It’s 2019, Can We PLEASE Stop “Fridging” Women?
A few weeks ago, I gave a glowing review of Cold Blood Samurai #1, going so far as to call it “the best debut of 2019.” I thoroughly enjoyed it, so I was really looking forward to what came next for the anthropomorphic samurai epic.
Unfortunately, what came next was horribly disappointing.
In flashbacks meant to reveal the unnamed lead character’s motivation to help villagers fight off an evil ganglord named Gnarled Shell, the lead character’s girlfriend, Akio, commits suicide to avoid being raped.
Akio, notably the only female character to appear through two issues, was a prostitute who “belonged” to Gnarled Shell. On the day she was supposed to be rescued by Cold Blood Samauri‘s hero, she is offered to westerner “friends” of her owner. These westerners proceed to talk about the ways they plan to defile Akio, while arguing over who gets to “do her” first. She puts up a small fight, before stabbing herself to death. The hero arrives moments too late, and Akio dies in his arms.
Her death propels the “hero” into an ongoing conflict with Gnarled Shell. That’s the only reason Akio gets to exist at all. It’s the textbook definition of “fridging.”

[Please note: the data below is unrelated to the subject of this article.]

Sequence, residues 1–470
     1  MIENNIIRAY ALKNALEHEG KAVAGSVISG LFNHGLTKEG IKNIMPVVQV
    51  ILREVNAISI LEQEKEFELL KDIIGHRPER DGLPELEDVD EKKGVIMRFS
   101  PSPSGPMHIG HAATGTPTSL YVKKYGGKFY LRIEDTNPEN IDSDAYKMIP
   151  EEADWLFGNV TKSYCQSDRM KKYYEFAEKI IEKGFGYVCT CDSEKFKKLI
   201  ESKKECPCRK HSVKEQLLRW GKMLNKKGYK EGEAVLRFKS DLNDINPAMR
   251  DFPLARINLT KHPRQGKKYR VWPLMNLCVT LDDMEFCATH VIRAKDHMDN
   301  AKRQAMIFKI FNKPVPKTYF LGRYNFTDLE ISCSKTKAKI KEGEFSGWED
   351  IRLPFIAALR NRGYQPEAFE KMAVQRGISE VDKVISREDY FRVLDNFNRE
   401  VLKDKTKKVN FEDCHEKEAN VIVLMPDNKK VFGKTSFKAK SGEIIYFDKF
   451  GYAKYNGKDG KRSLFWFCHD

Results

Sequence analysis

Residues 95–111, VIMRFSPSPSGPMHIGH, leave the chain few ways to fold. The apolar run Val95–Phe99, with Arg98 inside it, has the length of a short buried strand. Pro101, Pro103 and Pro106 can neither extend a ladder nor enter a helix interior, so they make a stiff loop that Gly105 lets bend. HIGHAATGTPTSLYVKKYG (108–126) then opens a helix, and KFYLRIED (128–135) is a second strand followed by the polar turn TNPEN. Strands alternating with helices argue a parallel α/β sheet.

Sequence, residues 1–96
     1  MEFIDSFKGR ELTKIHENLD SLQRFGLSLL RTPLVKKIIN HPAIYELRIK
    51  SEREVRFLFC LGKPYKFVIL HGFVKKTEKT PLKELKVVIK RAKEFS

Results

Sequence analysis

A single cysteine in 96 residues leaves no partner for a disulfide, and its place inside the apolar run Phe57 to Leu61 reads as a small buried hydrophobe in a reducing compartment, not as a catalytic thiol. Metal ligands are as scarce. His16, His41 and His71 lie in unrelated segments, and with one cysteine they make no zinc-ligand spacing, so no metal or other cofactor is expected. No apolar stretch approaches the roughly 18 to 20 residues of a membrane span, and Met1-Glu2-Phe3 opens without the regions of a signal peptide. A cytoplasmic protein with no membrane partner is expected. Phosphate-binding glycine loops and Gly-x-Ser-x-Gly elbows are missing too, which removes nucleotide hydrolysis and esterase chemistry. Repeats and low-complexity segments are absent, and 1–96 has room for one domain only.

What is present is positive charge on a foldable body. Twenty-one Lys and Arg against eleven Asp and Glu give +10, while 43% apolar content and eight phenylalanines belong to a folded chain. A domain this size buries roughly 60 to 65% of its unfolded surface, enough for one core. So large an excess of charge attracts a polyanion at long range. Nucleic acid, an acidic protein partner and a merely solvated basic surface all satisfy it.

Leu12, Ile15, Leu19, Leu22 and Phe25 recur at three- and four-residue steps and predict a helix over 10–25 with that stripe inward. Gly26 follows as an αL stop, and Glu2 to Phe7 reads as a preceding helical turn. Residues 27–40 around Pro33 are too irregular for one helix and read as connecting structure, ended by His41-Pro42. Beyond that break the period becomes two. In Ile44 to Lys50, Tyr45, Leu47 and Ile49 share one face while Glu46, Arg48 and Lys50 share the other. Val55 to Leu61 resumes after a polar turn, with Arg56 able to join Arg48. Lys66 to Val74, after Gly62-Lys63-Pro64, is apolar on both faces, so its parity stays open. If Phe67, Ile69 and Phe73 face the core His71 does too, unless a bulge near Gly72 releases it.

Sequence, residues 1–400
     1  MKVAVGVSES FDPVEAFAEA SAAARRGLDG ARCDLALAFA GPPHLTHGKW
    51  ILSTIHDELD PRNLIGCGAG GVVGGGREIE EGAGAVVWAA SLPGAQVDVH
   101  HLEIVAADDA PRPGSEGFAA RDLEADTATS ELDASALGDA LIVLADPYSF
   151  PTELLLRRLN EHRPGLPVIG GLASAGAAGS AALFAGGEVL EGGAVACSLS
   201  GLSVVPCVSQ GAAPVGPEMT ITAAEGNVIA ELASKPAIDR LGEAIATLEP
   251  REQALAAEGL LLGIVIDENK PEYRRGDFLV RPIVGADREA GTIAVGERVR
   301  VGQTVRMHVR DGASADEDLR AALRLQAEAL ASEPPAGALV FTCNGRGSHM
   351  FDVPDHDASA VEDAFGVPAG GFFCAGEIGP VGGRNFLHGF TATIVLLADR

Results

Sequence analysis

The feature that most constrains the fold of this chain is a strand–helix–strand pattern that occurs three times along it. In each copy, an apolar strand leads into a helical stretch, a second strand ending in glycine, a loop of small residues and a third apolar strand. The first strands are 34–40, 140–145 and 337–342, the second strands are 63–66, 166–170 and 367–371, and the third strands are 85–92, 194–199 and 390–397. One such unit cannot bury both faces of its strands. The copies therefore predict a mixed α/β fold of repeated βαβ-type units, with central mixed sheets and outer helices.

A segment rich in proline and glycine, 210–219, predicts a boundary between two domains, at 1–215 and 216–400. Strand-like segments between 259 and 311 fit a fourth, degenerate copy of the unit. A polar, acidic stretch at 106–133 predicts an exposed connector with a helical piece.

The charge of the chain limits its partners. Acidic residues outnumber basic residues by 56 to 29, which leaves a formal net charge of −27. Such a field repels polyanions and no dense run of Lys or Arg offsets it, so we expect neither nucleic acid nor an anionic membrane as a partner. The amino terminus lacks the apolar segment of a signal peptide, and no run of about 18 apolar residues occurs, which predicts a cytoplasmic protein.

It’s been 20 years since Gail Simone coined the term, “Women in Refrigerators,” to describe the death of a female character for the purpose of motivating a male protagonist. She compiled an alarmingly long list of female characters who had been murdered, raped, or injured to advance the story of a male protagonist. In doing so, she added fuel to an ongoing conversation about the treatment of women in comics that has impacted the comic industry, and storytelling, for the better.
At best, “fridging” is lazy writing that comics are better off without.
At worst, it sends a clear message that female characters are less important than the advancement of a male character. It’s toxic storytelling in a space that has never done a good job of welcoming female readers. It’s also harmful to an industry that struggles to find a large reader base among a demographic that constitutes half of the human population.
It’s 2019. There are literally adult comic fans who weren’t born when this was first called out as an issue. It’s fair to expect writers, artists, editors, and publishers to know better by now.
To be honest, I was really rooting for a new comic from an upstart publisher like Action Lab to be a breakout hit. It’s disappointing that the creators, editors, and publisher would allow the story to go down this path.
Comic fans should expect better. Comic creators should do better. It’s been long enough.